Eight-year-old Amna Bibi was dressed in festive orange and headed to a wedding with her family when the car bomb exploded near a crowded market in the north-western city of Peshawar.

A man scooped up the girl and dashed from the scene. It was too late.

“Our sister is dead,” her older sister said as tears rolled down her cheeks at the hospital Friday. “We are wrecked.”

Amna’s mother, Zareen, kissed her daughter’s bandaged face and wept.

Pakistan has been rocked by almost weekly attacks by Islamic militants, but the sheer horror of Friday’s bombing - which killed 49 people, including nine children - spurred the government to declare it would launch a new offensive against militant strongholds along the Afghan border.

Interior Minister Rehman Malik said the militants had left the government “no other option” but to hit back into the rugged mountains of South Waziristan, part of the lawless tribal belt where al—Qaida leader Osama bin Laden may be hiding.

“We will have to proceed,” he told a local television station. “All roads are leading to South Waziristan.”

The United States has been pressuring Pakistan to take strong action against insurgents who are using its soil as a base for attacks in neighbouring Afghanistan. A push into South Waziristan could be risky for the army, which was beaten back on three previous offensives into the Taliban heartland there and forced to sign peace deals.

But the army may have been emboldened this year by a reasonably successful military campaign in the Swat Valley and adjoining Buner district and by the death in a U.S. missile strike of Taliban leader Baitullah Mehsud. The military also appears committed to destroying Mehsud’s group, as opposed to its often ambivalent position toward other insurgents in the past.

Friday’s attack was the deadliest in the country in six months. The bomb tore through a busy road in the heart of Peshawar, a city of more than 3 million people about 150 miles northeast of South Waziristan along the Afghan border. The force of the blast flipped a bus on its side, ripped apart a motorbike and flung charred debris down the street.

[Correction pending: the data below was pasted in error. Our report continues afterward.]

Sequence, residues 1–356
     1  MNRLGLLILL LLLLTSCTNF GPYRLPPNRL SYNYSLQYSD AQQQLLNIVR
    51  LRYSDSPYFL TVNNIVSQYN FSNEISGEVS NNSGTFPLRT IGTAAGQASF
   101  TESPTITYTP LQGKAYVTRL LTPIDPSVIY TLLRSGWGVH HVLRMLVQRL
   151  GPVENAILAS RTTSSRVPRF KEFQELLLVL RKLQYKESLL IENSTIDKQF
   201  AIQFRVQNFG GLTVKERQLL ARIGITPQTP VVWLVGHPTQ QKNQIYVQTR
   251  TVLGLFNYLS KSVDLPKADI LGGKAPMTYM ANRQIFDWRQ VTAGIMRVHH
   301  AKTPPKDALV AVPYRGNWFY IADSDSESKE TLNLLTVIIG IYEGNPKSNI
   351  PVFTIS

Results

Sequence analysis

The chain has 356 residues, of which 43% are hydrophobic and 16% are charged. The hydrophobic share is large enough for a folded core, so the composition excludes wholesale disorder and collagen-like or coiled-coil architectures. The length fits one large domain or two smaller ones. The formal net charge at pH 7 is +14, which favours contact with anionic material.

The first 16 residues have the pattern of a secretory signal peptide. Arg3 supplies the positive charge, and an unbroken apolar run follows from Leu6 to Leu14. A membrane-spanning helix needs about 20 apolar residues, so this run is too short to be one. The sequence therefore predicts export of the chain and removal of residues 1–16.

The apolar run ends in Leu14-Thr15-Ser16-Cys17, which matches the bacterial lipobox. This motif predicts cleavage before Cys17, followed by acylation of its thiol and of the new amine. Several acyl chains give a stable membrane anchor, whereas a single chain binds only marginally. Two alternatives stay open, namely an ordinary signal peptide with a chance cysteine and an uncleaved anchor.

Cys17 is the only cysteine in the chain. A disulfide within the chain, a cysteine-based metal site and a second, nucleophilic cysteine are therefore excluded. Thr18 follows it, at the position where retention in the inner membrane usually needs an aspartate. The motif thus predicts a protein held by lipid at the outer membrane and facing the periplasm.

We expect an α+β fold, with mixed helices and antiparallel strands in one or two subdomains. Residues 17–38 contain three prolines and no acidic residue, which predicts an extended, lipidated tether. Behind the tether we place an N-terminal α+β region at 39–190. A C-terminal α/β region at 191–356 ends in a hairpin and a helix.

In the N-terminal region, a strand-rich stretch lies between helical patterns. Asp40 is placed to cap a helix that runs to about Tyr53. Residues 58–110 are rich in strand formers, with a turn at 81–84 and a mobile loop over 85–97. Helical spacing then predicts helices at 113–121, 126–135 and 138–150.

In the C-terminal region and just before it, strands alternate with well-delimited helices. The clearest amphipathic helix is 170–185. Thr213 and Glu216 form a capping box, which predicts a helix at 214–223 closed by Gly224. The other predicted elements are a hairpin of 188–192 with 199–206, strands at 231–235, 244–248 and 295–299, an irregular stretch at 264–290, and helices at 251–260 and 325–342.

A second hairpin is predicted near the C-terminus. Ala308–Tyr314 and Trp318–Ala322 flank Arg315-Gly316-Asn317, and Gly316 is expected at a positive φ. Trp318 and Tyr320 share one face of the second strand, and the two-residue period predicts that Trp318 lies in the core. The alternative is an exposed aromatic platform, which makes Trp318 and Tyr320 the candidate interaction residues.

“I understood for the first time in my life what doomsday would look like,” said Noor Alam, who suffered wounds to his legs and face.

Passers-by pulled out the wounded and the dead, covering the bodies of victims whose clothes were burned. One man staggered down the road, his face covered with blood.

The hospital was overwhelmed by the wounded, with many forced to share beds. Some of the dead were laid out on nearby gurneys, covered with sheets.

“I pray to Allah, please destroy all these people who are killing the innocents,” said Sher Akbar from his hospital bed.

Zafar Iqbal, a doctor at the hospital, said 49 people were killed and more than 100 were wounded.

Peshawar Police Chief Liaqat Ali Khan said the attacker drove a car packed with a massive amount of explosives and artillery rounds. The blast was heard for miles around.

There was no claim of responsibility for the bombing and its target was not immediately apparent. Militants typically attack government, military or Western targets, but previous blasts have hit public places as well.

The bombing, along with an attack Monday at a U.N. aid agency in Islamabad that killed five, highlighted the insurgents’ ability to hit major cities despite previous army offensives and Mehsud’s death in August.

In April, the military launched a three-month offensive in the Swat Valley and largely cleared the region of the thousands of Taliban reportedly based there. That operation followed an August 2008 offensive in the semiautonomous Bajur tribal area along the Afghan border that ended six months later with the army declaring success. The militants have fought back with scores of suicide attacks.

For months, officials have been hinting at a new operation in South Waziristan, blockading roads and carrying out targeted airstrikes as thousands of civilians fled the area.

But until Mr. Malik’s comments Friday, no Pakistani official had publicly declared the military was preparing a full offensive.

Mr. Malik did not give a timeline for an offensive that is likely to be far fiercer than the Swat and Bajur battles.

The army has launched three operations in South Waziristan since 2001 but each time has been forced to abandon the push and sign peace deals with the militants.

The region is considered the epicentre of militant resistance in the country, and new Taliban chief Hakimullah Mehsud, who pledged to repel any attack, is reported to have 10,000 guerrilla fighters. An AP reporter visiting the area this week saw Taliban taking up key vantage points, and residents said fighters were digging trenches along routes the military was expected to traverse.

The area is filled with independent, heavily armed Pashtun tribes hostile to outsiders - including the Pakistani army - and any offensive that led to high civilian casualties could spark a public backlash and bolster the Taliban.

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